North Korea, which is armed with nuclear weapons, displayed more intercontinental ballistic missiles (ICBMs) than ever before and hinted at the development of a new solid-fuel weapon at a midnight parade, state media said on Thursday, February 9.
The nation has continued with its ballistic missile program, launching dozens of sophisticated missiles in defiance of United Nations Security Council resolutions and sanctions during the last year.
Professor Leif-Eric Easley of Ewha University in Seoul stated, “This time, Kim Jong Un allowed North Korea’s growing tactical and long-range missile forces to speak for themselves.” Pyongyang would likely demonstrate its deterrence and coercion capabilities via solid-fuel rocket tests and the explosion of a miniaturized nuclear bomb in order to convey the message it wishes to deliver to the international community.
As many as 11 Hwasong-17s, North Korea’s biggest intercontinental ballistic missile (ICBM), which are believed to be capable of striking virtually anywhere in the world with a nuclear payload, were shown in images posted by state media source KCNA during the Wednesday evening demonstration.
Ankit Panda of the U.S.-based Carnegie Endowment for International Peace stated on Twitter that eleven missiles might be sufficient to overpower current U.S. missile defenses.
“This is the most number of ICBM launches we’ve ever seen at a North Korean parade,” he tweeted.
The Hwasong-17 was initially tested a year ago. Alongside them at the parade was a model or prototype of a new solid-fuel ICBM with canister launchers, according to some experts.
The development of a solid-fuel ICBM has long been viewed as a top priority for the nation, as it would make its nuclear missiles more difficult to detect and destroy during a battle.
KCNA said that North Korea staged the parade in Pyongyang to commemorate the 75th anniversary of the formation of its army. Kim Jong Un was accompanied by his daughter, who is viewed as a potential future leader of the hereditary regime.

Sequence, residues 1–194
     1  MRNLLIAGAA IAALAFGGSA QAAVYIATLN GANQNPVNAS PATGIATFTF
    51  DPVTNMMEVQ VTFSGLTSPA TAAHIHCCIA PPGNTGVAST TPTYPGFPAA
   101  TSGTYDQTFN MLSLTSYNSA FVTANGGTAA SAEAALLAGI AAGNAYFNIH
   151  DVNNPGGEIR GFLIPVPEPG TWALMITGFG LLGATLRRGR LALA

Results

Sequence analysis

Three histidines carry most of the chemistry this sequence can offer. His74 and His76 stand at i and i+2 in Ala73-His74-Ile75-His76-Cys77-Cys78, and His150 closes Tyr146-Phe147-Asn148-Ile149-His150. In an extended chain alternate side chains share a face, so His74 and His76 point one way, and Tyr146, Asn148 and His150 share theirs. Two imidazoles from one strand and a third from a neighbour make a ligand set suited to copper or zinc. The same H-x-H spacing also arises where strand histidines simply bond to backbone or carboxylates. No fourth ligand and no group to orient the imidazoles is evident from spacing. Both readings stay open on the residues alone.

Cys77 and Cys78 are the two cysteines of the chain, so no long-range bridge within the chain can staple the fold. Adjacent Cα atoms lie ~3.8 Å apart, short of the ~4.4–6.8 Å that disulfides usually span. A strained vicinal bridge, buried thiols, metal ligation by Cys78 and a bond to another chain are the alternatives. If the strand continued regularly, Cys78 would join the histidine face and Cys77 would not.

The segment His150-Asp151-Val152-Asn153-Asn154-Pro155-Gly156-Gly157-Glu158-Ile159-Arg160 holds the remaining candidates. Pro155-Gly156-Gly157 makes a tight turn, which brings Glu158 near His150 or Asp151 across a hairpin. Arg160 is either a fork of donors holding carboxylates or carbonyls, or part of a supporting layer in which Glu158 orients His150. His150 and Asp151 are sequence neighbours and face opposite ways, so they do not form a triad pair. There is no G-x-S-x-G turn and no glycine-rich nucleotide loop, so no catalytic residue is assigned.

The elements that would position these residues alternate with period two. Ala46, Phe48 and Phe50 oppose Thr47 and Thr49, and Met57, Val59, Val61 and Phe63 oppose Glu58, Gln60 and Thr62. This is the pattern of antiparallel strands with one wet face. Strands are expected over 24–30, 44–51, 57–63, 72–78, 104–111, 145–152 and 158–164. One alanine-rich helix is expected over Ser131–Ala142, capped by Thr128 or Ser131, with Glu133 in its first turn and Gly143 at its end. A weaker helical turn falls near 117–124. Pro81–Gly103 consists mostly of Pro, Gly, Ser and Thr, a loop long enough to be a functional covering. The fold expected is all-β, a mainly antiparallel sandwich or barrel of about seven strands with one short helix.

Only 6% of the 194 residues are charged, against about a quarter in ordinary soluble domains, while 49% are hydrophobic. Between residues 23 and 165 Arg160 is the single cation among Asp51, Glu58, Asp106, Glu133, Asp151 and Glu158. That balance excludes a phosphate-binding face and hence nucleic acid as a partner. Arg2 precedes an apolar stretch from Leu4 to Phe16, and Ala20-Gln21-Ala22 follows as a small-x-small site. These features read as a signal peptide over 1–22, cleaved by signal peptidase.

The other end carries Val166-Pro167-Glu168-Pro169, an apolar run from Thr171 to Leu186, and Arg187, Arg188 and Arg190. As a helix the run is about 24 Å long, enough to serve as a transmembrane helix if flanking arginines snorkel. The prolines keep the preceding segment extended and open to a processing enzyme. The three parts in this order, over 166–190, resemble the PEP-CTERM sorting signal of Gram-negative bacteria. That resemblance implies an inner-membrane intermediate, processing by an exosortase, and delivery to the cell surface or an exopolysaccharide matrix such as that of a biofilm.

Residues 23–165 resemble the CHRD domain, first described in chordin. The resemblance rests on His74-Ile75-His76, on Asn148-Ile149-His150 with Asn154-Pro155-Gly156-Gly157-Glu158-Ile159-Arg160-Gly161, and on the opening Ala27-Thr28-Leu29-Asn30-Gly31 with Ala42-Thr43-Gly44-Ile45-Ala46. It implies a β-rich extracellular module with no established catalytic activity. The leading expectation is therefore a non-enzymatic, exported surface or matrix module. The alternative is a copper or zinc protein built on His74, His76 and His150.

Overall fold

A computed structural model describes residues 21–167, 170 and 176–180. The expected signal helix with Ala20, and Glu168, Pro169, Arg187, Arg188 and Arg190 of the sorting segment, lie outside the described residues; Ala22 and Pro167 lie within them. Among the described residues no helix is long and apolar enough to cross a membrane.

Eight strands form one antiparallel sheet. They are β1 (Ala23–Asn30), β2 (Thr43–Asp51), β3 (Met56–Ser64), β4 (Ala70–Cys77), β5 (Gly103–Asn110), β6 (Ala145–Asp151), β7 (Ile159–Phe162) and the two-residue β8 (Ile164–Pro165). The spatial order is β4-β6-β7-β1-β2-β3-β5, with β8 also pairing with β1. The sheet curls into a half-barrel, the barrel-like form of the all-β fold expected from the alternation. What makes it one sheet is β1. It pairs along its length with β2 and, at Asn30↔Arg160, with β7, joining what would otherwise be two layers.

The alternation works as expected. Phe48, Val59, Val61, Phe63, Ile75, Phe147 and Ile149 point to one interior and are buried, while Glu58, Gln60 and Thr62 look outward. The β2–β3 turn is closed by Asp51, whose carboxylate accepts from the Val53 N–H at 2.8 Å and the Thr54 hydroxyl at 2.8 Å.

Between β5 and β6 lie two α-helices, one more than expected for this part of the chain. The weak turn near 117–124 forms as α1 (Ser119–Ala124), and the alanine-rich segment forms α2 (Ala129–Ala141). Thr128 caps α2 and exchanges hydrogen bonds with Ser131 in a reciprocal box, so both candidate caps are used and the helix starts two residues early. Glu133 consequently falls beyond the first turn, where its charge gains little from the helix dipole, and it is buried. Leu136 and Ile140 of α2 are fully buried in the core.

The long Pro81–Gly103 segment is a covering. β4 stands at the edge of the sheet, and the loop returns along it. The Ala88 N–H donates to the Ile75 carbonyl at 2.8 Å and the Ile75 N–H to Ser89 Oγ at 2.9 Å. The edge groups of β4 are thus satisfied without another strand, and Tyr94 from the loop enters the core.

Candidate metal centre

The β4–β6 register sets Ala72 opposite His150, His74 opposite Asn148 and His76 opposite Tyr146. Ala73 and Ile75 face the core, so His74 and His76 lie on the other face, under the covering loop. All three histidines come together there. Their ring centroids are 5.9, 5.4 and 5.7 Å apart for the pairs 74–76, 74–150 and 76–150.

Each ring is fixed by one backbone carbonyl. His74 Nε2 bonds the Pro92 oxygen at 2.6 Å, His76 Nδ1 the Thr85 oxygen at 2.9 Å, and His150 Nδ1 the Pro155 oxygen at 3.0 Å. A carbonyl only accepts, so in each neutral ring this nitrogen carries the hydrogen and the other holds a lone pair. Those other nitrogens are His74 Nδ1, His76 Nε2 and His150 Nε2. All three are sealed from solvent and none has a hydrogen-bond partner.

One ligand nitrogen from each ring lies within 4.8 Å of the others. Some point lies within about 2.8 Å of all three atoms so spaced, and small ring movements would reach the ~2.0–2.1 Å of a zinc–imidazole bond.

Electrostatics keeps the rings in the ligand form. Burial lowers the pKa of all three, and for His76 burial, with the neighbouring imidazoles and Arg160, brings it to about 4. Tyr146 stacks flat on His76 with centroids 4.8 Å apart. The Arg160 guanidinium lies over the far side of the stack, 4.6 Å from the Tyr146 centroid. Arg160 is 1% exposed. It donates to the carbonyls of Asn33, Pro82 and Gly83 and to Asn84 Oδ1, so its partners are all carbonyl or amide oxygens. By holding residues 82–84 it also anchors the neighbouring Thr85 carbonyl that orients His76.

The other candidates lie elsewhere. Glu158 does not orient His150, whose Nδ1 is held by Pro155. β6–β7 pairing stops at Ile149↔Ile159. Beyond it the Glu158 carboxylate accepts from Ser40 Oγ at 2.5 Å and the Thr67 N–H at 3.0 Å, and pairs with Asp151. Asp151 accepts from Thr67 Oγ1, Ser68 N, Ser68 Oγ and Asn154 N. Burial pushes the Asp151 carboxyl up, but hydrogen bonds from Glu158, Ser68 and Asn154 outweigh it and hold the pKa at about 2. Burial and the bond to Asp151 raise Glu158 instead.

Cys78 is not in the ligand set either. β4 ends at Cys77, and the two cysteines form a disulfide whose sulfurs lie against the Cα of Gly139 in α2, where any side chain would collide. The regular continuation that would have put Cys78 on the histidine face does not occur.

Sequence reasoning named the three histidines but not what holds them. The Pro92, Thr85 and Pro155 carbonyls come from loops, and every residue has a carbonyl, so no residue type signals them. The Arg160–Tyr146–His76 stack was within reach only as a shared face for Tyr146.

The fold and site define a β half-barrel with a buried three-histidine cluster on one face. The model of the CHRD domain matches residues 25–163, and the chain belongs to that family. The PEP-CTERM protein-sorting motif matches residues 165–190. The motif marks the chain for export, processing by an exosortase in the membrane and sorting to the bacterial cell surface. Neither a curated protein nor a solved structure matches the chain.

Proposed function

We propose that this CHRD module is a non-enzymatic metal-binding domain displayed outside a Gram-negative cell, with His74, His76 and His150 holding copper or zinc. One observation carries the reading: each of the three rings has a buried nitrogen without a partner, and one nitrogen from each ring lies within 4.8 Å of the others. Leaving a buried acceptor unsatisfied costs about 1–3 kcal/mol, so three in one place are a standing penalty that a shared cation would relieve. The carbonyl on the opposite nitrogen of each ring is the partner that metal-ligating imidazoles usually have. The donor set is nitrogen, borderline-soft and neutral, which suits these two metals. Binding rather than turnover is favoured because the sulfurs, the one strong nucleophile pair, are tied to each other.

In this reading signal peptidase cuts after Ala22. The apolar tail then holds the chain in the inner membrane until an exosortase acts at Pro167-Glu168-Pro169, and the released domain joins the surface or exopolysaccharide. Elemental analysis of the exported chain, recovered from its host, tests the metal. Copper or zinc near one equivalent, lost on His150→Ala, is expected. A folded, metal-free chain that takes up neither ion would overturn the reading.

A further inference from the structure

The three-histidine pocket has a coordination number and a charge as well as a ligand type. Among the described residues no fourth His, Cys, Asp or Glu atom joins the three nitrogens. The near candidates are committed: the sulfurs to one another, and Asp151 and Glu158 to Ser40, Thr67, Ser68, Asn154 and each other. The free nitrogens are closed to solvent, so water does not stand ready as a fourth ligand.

The foreign ministry of South Korea lambasted North Korea for organizing the event despite its deteriorating food crises and economic problems.
Lim Soo-suk, a spokeswoman for South Korea’s foreign ministry, stated during a routine briefing, “We encourage North Korea to immediately cease its unlawful nuclear and missile development as well as its irresponsible nuclear threats and rapidly resume disarmament talks.”
North Korea has stated that its missile program and nuclear weapons development are required due to the hostile actions of the United States and its allies, and fall under its sovereign right to self-defense.
North Korea conducted the first static ground test of a large solid-propellant rocket motor at its Sohae Satellite Launching Station in December, but it was unclear at the time whether it was solely for the country’s submarine-launched ballistic missile (SLBM) program, according to James Martin Center for Nonproliferation Studies researcher Dave Schmerler (CNS).
He claimed that since North Korea has not launched its new missile submarine, the parade weapon shows that Pyongyang is building a complicated, land-based ICBM deterrent.
Schmerler stated, “The basic conclusion is that we should anticipate North Korea to test a massive land-based solid-fuel ICBM.”
The majority of the nation’s biggest ballistic missiles use liquid fuel, requiring them to be filled with propellant at their launch location — a lengthy procedure.
It is unknown how close the new missile might be to being tested. North Korea has occasionally exhibited replicas during parades.